Under the Spell at Moonstuck CafeUnder the Spell is an art space that is physically under Moonstruck Cafe, in its basement, and metaphorically under being moonstruck. The underground location and the meaning of moonstruck inform and shape the exhibition’s programme. To be moonstruck is to be crazily in love, to dive into irrationality, to be engulfed by powerful enchanting influences. Under the Spell (UTS) takes on board the implicit romance, the politics of love and desire but also stretches its meaning to engage further with the many ways one can be overtaken. UTS’ programme is anchored in two polar opposite extreme states: apathy and ecstasy; the themes explored span from nationalism, the beauty industry, tourism, image making, gambling mentality, belief systems, corporatisation of experience.

A spell is an enchantment, it evokes magic and at the same, it also refers to how we arrange and articulate ordinary words. Language is a UTS point of interest, how it is created and how it can be distorted. Some of the aims of the programme are to dissect the unison of some speeches repeated by inertia, to question imposed inalterability of circumstances and to test a promise’s length of breath. To be under something can imply an overpowering situation, UTS also wants to defy forces that keep society in a voluntary submission, expose dynamics of power and challenge widespread assumptions.

Spell also refers to a period of time, and UTS is a windowless place like casinos, or shopping malls - places designed to confuse the awareness of time, to puzzle the senses, to encourage compulsion. Places like these, sealed from the outside world, have high absorption and concentration of energy. This also recalls metaphorical spaces that one can’t escape due to some mysterious charm such as in Luis Buñuel’s The Exterminating Angel, Jean-Paul Sartre’s No Exit, Enda Walsh’s The Walworth Farce - a spell with such a gravitational pull that keep those fictional characters in a labyrinthine psychological loop with no physical exit.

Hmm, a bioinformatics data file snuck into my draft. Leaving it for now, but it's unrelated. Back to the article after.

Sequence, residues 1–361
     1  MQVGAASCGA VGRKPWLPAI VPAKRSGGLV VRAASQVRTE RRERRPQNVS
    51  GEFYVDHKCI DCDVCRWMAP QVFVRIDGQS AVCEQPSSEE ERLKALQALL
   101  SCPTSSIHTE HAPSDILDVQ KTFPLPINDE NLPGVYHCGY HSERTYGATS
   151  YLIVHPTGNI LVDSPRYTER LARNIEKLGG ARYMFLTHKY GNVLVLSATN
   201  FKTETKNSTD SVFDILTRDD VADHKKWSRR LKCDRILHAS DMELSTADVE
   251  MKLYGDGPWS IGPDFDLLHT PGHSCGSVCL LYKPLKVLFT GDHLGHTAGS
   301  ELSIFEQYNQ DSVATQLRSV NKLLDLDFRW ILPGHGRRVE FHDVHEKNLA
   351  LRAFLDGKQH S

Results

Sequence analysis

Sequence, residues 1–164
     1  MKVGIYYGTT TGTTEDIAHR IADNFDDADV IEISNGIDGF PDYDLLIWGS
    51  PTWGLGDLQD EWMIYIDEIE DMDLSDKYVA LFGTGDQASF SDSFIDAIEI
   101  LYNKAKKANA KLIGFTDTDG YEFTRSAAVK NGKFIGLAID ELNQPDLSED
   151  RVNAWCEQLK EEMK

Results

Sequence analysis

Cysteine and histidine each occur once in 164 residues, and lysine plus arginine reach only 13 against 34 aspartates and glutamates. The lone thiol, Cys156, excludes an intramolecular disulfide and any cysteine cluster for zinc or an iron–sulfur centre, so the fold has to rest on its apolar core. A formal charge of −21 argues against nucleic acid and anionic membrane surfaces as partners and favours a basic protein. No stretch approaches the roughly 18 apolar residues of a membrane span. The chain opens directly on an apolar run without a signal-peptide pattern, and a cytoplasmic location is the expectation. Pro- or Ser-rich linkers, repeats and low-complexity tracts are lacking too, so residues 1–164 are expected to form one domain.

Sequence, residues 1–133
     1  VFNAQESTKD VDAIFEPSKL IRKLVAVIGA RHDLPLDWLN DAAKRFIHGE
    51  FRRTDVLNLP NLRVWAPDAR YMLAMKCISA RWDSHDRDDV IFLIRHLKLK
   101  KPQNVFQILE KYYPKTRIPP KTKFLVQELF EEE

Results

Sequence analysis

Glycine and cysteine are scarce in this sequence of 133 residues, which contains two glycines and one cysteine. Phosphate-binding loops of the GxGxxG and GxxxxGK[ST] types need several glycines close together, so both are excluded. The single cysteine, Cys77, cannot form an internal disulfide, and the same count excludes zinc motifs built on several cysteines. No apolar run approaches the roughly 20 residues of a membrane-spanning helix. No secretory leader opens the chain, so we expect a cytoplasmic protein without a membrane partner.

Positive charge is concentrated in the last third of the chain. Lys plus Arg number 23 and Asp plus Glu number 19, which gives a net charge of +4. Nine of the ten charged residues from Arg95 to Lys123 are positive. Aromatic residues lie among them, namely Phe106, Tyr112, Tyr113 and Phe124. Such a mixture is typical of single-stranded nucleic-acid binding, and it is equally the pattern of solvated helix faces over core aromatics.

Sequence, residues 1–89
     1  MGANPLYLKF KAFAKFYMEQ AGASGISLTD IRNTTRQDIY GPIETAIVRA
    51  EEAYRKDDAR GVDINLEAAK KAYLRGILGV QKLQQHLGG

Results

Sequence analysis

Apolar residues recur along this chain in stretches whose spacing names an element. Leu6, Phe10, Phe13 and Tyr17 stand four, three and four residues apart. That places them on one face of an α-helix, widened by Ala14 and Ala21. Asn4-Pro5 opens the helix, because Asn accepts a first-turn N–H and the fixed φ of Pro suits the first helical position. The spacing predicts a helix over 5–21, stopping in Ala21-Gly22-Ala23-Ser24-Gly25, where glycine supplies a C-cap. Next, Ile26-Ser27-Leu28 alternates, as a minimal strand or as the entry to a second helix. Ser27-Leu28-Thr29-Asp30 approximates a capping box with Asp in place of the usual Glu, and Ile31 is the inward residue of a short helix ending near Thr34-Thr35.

Still considering the physicality of the space, UTS flips roles: it is the café’s gallery, not the gallery’s café. In a café lies the symbolic dynamic of a place of encounter, fertile for creativity and conversations over a warm cup of coffee; they can become a cultural epicentre such as Café de Flore in Paris. On the other hand, cafés also reveal the symbolic dynamic of Silicon Valley dictated behaviour where one goes to nurture their corporate-sounding identity to create polished content; they can become a touristic background such as Café de Flore in Paris. Cafés can be and have been the core of critical thinking, a convivial hub for exchanging experiences as well as the place of instagrammable flat whites. The spotlight here is on the question of foreground/background: what is beauty, what is shareable, what is notable? Lastly, it is a comment on the massive leisure structure some of the museums have become with multiple gift shops, members’ rooms and overpriced cafés spread along their floors.

In the spirit of the time we are under, Under the Spell delves into a polar opposition where the extremes can share the same outcome. A sense of hypnosis, lack of control and agency, surrender, blindness, may come from delusions, desensitisation, repetitive behaviours, fake aesthetics of recycled ideas that mimic originality, but also from Baroque-Tragic style frenzies, fervent hope, emotional euphorias, being magnetised, feeling passionately about something, burning with desire. One can lose themselves in other bodies, corporations, politics, nations, jobs, roles, trends. As both may seem like a choice, a decision, there is a difference between giving in and giving up.

Under the Spell is

Curated by Jéssica Varrichio

Visual identiy by Luke Jarvis


Liam Clifford, Xavier Aballí, Marc Aballí, Ignasi Minuesa, Paul Nawrot, Matt Nawrot, Kevin Kingston, Theodora Anthony

art space beneath Moonstruck Cafe
153 South Lambeth Road

Monday - Sunday
8am - 4pm